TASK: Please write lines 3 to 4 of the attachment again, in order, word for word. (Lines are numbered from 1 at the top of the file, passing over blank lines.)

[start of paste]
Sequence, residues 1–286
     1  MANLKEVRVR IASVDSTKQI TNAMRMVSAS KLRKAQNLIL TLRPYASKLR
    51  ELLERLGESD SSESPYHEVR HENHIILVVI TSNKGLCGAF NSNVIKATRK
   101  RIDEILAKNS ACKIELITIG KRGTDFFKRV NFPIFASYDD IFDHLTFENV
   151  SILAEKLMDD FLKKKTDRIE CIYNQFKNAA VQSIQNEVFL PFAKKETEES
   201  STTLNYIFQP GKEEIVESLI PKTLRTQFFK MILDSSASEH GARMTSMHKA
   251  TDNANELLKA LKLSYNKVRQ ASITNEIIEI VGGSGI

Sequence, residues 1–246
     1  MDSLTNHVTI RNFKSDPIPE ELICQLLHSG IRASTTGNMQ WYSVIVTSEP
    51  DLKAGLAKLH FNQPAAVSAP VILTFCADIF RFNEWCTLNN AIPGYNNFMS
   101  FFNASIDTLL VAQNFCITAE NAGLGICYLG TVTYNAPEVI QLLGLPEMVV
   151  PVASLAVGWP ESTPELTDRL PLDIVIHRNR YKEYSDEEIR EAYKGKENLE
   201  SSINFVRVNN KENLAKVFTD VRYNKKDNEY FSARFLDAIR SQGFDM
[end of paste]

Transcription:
    51  ELLERLGESD SSESPYHEVR HENHIILVVI TSNKGLCGAF NSNVIKATRK
   101  RIDEILAKNS ACKIELITIG KRGTDFFKRV NFPIFASYDD IFDHLTFENV